A Filipino father and his children wait for food from...

A Filipino father and his children wait for food from relief workers outside their makeshift tent in the typhoon-devastated city of Tacloban, Philippines. (Nov. 10, 2013) Credit: EPA

Typhoon Haiyan is one of the strongest storms ever to make landfall and its impact for Filipinos has been devastating. Current U.N. and Philippine government estimates indicate more than 9.5 million people are affected by the typhoon in nine regions across the country. Additionally, nearly 620,000 people have been displaced from their homes and communities. All of this comes on top of displacement as a result of fighting in September 2013 and the Bohol earthquake of Oct. 15 2013. The humanitarian response is stretched and needs support.

I've been a humanitarian aid worker for a long time, and have even written a book about my experience. After a disaster like Typhoon Haiyan, I'm usually the person to whom friends and family members turn to ask, "How can I help?"

Wanting to help victims of a massive disaster is a human instinct that should be lauded. But unfortunately, well-meaning people repeatedly get it wrong. And this time around it seems that some are already responding in unsuitable ways. Updates have begun littering my Facebook wall from well-intentioned Americans: "On the way to local Filipino Market. With clothes and food . . . Come on, go through your closets and make a stop at your market. They need food, detergent, canned goods, soap. They need flip flops. Any old shoes you don't want." The responses are coming in: "Terrific idea. Making my way there now." And another: "Good to know. Cleaning out my closet as I write this."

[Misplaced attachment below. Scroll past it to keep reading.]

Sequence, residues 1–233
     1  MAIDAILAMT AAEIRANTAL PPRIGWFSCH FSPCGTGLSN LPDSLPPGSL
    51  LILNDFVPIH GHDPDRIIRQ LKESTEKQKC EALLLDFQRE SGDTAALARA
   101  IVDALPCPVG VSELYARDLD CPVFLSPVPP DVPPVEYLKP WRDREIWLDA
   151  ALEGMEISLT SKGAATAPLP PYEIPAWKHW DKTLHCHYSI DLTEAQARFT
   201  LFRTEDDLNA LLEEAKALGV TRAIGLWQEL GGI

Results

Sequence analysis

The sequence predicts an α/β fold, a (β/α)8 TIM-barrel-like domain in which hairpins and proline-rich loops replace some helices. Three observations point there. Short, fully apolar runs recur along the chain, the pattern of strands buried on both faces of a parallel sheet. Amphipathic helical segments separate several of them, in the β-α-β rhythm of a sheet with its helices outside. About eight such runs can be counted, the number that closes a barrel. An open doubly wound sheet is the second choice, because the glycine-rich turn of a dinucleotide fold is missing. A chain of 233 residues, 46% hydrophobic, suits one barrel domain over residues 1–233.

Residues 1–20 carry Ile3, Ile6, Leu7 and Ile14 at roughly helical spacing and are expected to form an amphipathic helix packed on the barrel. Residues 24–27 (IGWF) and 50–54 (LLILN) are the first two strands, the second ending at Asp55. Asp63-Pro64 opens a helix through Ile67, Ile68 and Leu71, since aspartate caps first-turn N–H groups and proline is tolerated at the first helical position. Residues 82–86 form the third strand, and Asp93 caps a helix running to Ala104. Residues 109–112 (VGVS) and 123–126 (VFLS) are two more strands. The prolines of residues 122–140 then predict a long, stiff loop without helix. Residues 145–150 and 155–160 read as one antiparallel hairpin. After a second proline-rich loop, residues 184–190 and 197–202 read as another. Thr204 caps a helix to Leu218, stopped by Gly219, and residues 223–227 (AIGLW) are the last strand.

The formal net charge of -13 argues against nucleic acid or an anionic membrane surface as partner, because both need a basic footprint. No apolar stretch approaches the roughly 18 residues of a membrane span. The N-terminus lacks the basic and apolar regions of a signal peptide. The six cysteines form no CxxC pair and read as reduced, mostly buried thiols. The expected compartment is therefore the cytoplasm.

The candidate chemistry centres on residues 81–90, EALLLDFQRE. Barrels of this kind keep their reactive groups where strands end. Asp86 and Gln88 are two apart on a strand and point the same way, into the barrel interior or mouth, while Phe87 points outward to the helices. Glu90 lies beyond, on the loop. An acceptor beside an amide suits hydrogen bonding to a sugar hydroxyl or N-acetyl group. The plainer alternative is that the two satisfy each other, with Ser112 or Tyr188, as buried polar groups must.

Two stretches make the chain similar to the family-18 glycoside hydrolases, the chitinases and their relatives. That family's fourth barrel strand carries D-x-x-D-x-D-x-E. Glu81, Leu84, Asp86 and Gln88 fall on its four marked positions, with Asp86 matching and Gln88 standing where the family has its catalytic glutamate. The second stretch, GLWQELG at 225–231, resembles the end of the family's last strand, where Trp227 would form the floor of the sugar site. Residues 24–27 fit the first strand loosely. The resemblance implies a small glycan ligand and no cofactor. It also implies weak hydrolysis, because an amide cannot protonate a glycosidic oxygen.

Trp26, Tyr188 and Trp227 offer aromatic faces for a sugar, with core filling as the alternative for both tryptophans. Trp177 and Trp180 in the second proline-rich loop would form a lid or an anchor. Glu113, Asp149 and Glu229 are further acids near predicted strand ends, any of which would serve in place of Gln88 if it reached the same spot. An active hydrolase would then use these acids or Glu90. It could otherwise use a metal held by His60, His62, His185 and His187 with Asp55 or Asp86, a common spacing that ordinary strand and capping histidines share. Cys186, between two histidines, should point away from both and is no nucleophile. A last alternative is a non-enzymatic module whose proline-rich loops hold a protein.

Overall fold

Americans are exceptionally generous in the wake of an emergency. After the 2010 earthquake in Haiti, Americans donated more than $1.4 billion to relief and recovery efforts; they donated $1.6 billion after the 2004 South Asian tsunami. But often these very humane instincts - to help people after a massive disaster - result in inappropriate donations that can actually do much more harm than good. Here's why.

After the tsunami, similarly well-intentioned people cleaned out their closets, sending boxes of "any old shoes" and other clothing to the countries. I was there after the tsunami and saw what happened to these clothes: Heaps of them were left lying on the side of the road. Cattle began picking at them and getting sick. Civil servants had to divert their limited time to eliminate the unwanted clothes. Sri Lankans and Indonesians found it degrading to be shipped people's hand-me-downs. I remember a local colleague sighed as we passed the heaps of clothing on the sides of the road and said "I know people mean well, but we're not beggars." Boxes filled with Santa costumes, 4-inch high heels, and cocktail dresses landed in tsunami-affected areas. In some places, open tubes of Neosporin, Preparation H and Viagra showed up. The aid community has coined a term for these items that get shipped from people's closets and medicine cabinets as SWEDOW - Stuff We Don't Want.